“He had a garnet claim up in these parts. One night, after a day of prospecting, he was heading over the ridge to get back to the Star silver mine where he worked.
“Some say he had a little too much to drink and fell down. Others say he was on horseback. Whichever way he came, it was raining that night. He looks down and sees this blue stone.
“He took some blue stones down into town and nobody knew what they were. Who knows whether Carl knew? We do know he staked four claims in the area he thought the blue stone had come from. And that he worked those claims for about 30 years.
“The last several years, Ande came up in the summers to help his father work the claims.”
Thirty years after finding the Blue Wrinkle, Carl Anderson died at the State Hospital in Pueblo, without a will.
Ande Anderson considered the Blue Wrinkle his.
Schultz says Ande Anderson grew up in northern Michigan in the ‘30s and times were hard. His father left the family, and Ande had to help his mother raise his eight brothers and sisters.
“Ande was the oldest, and when he was 15 he used to walk five miles each way to cook at a lumber camp,” Schultz says.
Large Gaps Remain
But large gaps in Ande Anderson’s life remain a mystery to his friends and colleagues.
In his last winters, ensconced in Cabin No. 2 of the Three Rivers Resort in Almont, midway between the mine and Gunnison, he would sometimes pull out postcard-sized photos that illustrated a glamorous former life, a time when he worked as a musician on cruise ships.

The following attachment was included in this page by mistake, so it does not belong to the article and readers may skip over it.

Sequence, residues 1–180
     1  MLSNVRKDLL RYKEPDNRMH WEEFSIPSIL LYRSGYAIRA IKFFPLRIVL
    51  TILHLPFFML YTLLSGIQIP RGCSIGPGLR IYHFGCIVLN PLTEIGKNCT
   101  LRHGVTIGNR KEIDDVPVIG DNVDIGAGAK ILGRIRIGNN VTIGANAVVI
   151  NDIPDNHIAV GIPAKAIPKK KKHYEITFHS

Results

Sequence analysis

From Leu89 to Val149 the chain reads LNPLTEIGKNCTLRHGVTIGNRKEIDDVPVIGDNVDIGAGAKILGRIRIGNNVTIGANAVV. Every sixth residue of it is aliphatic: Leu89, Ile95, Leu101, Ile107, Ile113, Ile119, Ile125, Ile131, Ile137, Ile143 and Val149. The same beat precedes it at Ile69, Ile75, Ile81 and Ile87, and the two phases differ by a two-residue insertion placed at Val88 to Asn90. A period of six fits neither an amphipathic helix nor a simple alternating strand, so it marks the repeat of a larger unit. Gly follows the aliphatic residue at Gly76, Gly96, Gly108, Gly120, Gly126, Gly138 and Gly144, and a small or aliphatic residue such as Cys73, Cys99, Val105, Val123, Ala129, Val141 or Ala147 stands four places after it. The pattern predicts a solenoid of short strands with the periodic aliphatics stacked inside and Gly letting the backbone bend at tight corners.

“Ande Anderson, the Singing Accordion Man,” one card says. The photos show a smiling Nordic face above an extended concertina.
Whenever a form called for credentials, Ande always listed life membership in the musicians’ union.
Gus Grosland, a retired Western State College professor, became one of Ande’s best friends in Gunnison.
Sometimes, Grosland would help Ande pack in 30 to 40 pounds of groceries at a time to the one-room cabin that was summer headquarters just below the 12,700-foot level of the mine.
Grosland remembers other weekends when he and his wife would give Ande a lift to Denver and Ande would carry along a carpetbag full of lapis. Somewhere, Ande sold it.
“I don’t think anybody ever knew how much he gleaned from his summers up on the mountain,” Grosland says.
Not Noted for Generosity
Until he died, Ande was never noted for generosity. Grosland recalls that he and his wife sometimes wondered why Ande always seemed to show up for a visit just before mealtime.
Anderson did tell Grosland how he came to own the Blue Wrinkle.
“He was working with his father for three or four years before Carl died,” he says. “The day after Carl died, Ande went down to the Gunnison County Courthouse and put the claims in his own name.
“Technically, that’s what you call jumping a claim. He told me that, if anything ever happened to him, I should go down and register the claims in my name.”